Date nights downtown or blank stares in Bobs: it’s cuffing season

Due to the sensitive nature of the article, surnames have not been disclosed and first names have been changed.

Use the term “cuffing season” around Colby students, and you’ll immediately hear some strong opinions. On the one hand, there are students like sophomore Aidan, a philosophy major and firm cuffing-season denier who immediately responded that “It doesn’t exist,” when asked about the subject.

On the other, there are those like Grace ’21 who, when informed of the beginning of cuffing season (Nov. 1, officially), had a much different outlook, expressing her excitement. However, it became clear that Grace believed cuffing season was the start of handcuff parties, an entirely different phenomenon that sees two strangers handcuffed for the night.

What cuffing season actually means at Colby is that around Nov. 1, people begin to couple off. Whether that means full relationships, or just becoming exclusive instead of roaming the apartments for a new partner every Saturday night, even some of Colby’s work-hard-play-hardest students start to settle down.

There are a few explanations for why this phenomenon occurs. One is the weather. The adventure of finding new hookups becomes increasingly dark, cold and snowy, and the ability to send a text to a reliable friend or lover or significant other (however the terms are defined) starts to sound decidedly comfier than venturing about campus. Erica ’20 believes cuffing season is real precisely for this reason. “Colby’s hookup scene is all about convenience,” she said “As it gets colder it’s just more convenient to have someone to hook up with instead of feeling like you have to go out to get that. One of my friends started hooking up with someone in her dorm around this time just because it was easier.”

Alana ’21 explained why she is optimistic about the coming season’s prospects. “Cuffing season, whether or not it’s a byproduct of the cold, is ultimately a good thing because it puts an end to the negative feelings that come with undefined hookups.” She went on to describe these behaviors, which she admits to experiencing herself. “That’s literally what I’m experiencing right now,” she explained, “I wouldn’t say I’m cuffed per se, but if I was approached by someone who is not the guy I usually hook up with, I would feel obligated to tell him that I hooked up with someone else.”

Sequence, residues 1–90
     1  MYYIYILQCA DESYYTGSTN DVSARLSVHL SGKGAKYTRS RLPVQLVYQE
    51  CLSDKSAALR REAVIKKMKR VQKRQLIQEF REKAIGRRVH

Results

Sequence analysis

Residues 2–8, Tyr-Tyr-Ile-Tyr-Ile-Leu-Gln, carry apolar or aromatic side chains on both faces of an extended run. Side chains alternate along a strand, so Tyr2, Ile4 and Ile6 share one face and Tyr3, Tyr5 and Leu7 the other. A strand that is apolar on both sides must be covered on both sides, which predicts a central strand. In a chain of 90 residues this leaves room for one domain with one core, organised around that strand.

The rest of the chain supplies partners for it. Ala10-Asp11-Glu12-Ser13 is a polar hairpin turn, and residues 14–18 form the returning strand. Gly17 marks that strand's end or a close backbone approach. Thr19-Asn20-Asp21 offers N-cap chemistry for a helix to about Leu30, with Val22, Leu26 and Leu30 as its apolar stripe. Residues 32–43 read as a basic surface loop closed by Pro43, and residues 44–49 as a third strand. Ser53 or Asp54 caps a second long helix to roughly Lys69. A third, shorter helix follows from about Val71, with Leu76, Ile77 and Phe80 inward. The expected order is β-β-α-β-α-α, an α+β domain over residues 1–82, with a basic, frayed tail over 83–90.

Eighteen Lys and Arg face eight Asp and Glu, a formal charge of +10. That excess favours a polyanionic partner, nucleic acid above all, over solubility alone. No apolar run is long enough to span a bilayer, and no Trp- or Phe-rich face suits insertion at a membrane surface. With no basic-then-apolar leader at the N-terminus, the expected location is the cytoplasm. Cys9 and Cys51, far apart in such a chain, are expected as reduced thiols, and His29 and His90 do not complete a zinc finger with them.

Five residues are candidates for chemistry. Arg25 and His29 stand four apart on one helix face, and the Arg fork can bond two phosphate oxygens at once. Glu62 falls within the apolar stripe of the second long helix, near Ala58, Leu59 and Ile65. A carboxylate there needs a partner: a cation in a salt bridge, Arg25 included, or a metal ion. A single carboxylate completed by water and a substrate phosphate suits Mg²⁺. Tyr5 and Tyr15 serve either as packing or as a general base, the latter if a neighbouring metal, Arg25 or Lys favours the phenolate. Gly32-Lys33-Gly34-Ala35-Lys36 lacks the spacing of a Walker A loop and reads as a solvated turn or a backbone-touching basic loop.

Nevertheless, Alana believes that  “it’s really important that people have conversations upfront about what they want to get out of the hookup. There’s just a real lack of common courtesy among students here. The way it usually goes, the girl has the power to decide if she will go home with a guy. But then, it’s up to the guy to decide if he will ever talk to the girl again.”

Another reason for the rise of cuffing season is much simpler: time. After a full two months on campus, the novelty of drunken hookups may start to fade for some students. Freshmen new to campus party culture begin to calm down; new, budding friendships and relationships have had time to settle in.

But there are still those who believe cuffing season is a concept based only vaguely in reality, created by the (small) population of Colby students in committed relationships.

“Hookup culture dominates,” Aidan adds, “Dating is either a freshman fling, juniors and seniors who go to real restaurants and bars, and long distance relationships.” When asked if there are looser definitions of relationships on campus, Aidan continues, “A lot of people hook up on a regular basis but don’t like to define their relationship. That’s the main way.”

Whether or not a drunken interaction later develops into a consistent hookup, there is always the ever-awkward possibility of sober confrontation. On Colby’s small campus, such a possibility is almost always fulfilled. “After a hookup, you’re satisfied sexually, but whether or not you will ever speak again…well, there is never really a consensus” Alana said. Hopefully, she added, the beginning of cuffing season will lessen the number of confused looks and stressed smiles plastered on students’ faces after the weekend. Or, of course, everyone could continue staring blankly at the floor while rapidly shoveling down their food to avoid catching the eye of a former hookup. How else will Dana clear out quickly on Sunday mornings?